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State v. Fino

Decided: July 16, 1985.


On certification to the Superior Court, Appellate Division.

For reversal and remandment -- Chief Justice Wilentz and Justices Clifford, Handler, Pollock, O'Hern, Garibaldi and Stein. Opposed -- None. The opinion of the Court was delivered by O'Hern, J.


The central question in this appeal is whether one of two indicted co-conspirators may, after a separate trial and conviction, raise a challenge to the indictment that the co-conspirator timely raised before his trial. We hold that the circumstances of this case do not demonstrate the good cause required by Rule 3:10-2 to mount such an untimely challenge, nor do they reveal any fundamental miscarriage of justice that would invoke our supervisory power to correct a perceived injustice.

The case is made complex by its convoluted procedural history. In November 1981, Robert Del Fino and Thomas Fricchione were indicted by a Hudson County grand jury, which charged both with conspiracy to commit theft by extortion, contrary to N.J.S.A. 2C:5-2 (Count One), and attempted theft by extortion, contrary to N.J.S.A. 2C:5-1 and N.J.S.A. 2C:20-5 d. (Count Two). The indictment charged that the two had agreed or would agree for a price to use their influence to gain favorable job preference for another in the Jersey City school system.

On March 29, 1982, at a pretrial hearing attended by the attorneys for both parties, the court severed the two cases because of Bruton problems concerning the use of Fricchione's statement in a common trial.*fn1 After disposing of the severance issue, the trial court asked, "are there any motions open?". Fricchione's attorney replied:

The only one I have is this order, which I'm going to serve the Clerk of the Grand Jury, and I don't know that it will develop anything, but if it will, it will be a limited motion.

The court replied that it would reserve on that aspect, and set trial dates for each defendant on May 3 and May 17, 1982, for Del Fino and Fricchione respectively.

Del Fino went to trial in May 1982 and was convicted of agreeing to conspire to commit theft by extortion but was acquitted of the offense of attempted theft by extortion. In June 1982, he received a three-year custodial sentence and a fine of $10,000.

Following conviction and filing of notice of appeal, Del Fino moved before the trial court to dismiss the indictment on the ground that the records of the grand jury did not disclose that twelve or more of the grand jurors who voted for the indictment were present at all sessions to hear the entire presentation of evidence. Because jurisdiction was with the Appellate Division, the trial court denied the motion pursuant to Rule 2:9-1. On September 22, 1982, the Appellate Division refused to allow a partial remand so that the trial court could review the grand jury proceedings.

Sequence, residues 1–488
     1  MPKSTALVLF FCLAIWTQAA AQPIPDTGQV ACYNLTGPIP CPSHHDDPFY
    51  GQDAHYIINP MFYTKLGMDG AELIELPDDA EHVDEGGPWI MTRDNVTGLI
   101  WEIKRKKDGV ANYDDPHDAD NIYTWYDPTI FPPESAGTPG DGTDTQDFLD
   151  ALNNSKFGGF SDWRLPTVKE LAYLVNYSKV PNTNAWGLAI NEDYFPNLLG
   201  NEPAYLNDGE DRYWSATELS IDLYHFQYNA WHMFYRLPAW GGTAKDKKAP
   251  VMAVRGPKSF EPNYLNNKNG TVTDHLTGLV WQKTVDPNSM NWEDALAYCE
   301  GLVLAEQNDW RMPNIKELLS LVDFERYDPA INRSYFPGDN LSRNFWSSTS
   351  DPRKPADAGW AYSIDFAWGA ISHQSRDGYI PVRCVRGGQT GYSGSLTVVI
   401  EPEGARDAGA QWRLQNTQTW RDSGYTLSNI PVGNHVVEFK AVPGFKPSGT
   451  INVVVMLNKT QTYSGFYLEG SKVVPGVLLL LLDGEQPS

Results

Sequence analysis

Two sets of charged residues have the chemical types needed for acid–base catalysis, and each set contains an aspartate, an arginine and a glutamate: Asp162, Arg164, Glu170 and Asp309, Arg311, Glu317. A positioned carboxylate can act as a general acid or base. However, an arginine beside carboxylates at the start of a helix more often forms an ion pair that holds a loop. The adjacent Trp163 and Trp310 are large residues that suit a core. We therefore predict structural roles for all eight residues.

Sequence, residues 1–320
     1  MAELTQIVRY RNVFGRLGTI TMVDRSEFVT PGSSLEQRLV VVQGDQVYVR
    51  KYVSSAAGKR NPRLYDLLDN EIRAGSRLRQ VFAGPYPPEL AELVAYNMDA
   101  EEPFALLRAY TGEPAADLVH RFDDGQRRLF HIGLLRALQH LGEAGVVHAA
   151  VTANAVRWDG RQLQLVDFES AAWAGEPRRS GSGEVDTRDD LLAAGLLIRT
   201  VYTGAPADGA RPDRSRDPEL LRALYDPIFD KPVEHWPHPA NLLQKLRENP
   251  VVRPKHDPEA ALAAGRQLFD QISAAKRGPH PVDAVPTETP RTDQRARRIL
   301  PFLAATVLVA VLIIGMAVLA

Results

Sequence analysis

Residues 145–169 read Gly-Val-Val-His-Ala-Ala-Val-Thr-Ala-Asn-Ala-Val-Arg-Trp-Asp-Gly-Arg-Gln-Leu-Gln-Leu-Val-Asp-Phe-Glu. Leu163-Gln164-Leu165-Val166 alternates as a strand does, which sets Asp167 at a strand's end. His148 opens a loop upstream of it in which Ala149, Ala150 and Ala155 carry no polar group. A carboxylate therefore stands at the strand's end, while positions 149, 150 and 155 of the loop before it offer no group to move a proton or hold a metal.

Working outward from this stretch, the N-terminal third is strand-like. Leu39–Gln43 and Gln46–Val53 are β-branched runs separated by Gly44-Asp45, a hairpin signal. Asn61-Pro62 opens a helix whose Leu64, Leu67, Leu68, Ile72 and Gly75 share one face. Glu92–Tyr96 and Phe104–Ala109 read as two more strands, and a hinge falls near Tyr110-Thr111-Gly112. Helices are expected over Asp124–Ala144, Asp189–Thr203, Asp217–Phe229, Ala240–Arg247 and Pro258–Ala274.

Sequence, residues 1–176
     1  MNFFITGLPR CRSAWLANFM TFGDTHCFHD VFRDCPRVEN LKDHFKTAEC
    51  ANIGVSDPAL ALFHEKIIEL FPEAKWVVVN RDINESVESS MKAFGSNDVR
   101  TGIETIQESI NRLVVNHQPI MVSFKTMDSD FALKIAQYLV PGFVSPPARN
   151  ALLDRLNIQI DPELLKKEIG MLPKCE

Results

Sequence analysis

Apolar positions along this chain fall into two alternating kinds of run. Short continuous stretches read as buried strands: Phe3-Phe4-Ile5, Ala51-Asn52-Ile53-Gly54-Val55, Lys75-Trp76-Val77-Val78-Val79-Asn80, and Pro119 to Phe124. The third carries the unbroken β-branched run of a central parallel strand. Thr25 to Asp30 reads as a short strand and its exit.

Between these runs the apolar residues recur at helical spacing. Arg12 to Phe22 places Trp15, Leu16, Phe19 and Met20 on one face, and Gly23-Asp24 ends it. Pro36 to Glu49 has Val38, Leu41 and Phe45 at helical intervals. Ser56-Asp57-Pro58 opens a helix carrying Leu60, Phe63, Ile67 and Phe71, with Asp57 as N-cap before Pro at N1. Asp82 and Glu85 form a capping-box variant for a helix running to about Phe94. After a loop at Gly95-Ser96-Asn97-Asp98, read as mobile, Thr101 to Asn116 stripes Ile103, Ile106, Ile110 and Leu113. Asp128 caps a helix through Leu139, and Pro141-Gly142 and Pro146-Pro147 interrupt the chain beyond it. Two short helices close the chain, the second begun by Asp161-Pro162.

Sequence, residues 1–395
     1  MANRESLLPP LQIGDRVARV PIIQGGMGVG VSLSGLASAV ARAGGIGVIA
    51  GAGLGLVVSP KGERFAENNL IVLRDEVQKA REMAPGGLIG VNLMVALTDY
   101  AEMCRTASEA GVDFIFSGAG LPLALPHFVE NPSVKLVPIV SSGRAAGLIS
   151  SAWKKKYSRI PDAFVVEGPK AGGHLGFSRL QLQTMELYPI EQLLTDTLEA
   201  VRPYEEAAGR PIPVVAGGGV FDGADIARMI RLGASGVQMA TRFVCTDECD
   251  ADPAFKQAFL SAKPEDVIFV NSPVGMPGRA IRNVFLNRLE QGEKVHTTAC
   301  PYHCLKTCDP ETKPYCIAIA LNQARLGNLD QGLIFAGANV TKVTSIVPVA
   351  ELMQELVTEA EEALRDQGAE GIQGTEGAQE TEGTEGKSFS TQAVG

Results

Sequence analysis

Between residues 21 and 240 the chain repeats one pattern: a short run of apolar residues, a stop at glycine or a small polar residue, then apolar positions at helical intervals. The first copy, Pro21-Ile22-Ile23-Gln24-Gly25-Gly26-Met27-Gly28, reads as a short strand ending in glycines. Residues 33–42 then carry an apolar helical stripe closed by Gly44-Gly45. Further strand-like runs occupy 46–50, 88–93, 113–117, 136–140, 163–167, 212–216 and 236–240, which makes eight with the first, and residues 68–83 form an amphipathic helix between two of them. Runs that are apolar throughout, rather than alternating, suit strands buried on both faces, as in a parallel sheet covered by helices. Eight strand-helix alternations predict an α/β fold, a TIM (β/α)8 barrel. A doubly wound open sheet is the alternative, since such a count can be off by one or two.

Thereafter, on September 27, 1982, the Hudson County assignment judge entertained Fricchione's motion to dismiss the indictment against him. Following a hearing and a re-polling of certain grand jurors, only nine jurors stated that they voted to indict Fricchione on Count Two (attempted theft by extortion). Three stated that they could not recall. On the First Count, thirteen said that they voted to indict but fewer than twelve of these had attended all sessions of the grand jury. The court made no inquiry as to the voting in regard to Del Fino. The indictment against Fricchione was dismissed on November 22, 1982.*fn2 Thereafter, Del Fino twice renewed his motion before the trial court to dismiss the indictment. Both motions were denied on jurisdictional grounds. He appealed the final denial to the Appellate Division. That court heard the motion along with the substantive appeal. On November 4, 1983, the Appellate Division entered an order of partial remand to the trial court to entertain the motion to dismiss the indictment. The

remand required the trial court to hear and decide the motion by December 15, 1983. The time was extended to February 15, 1984.

On February 15, 1984, the trial court denied the motion to dismiss but indicated, however, that it would give defendant an evidentiary hearing at which time defendant would be afforded an opportunity to establish "good cause" for relief pursuant to Rule 3:10-2. The trial court further ruled that it would recall and question the grand jurors with respect to their votes concerning defendant. In a letter directed to the Appellate Division on the same date, the court requested a second extension (to April 16, 1984), to conduct the evidentiary hearing and re-polling of the jurors. The Appellate ...

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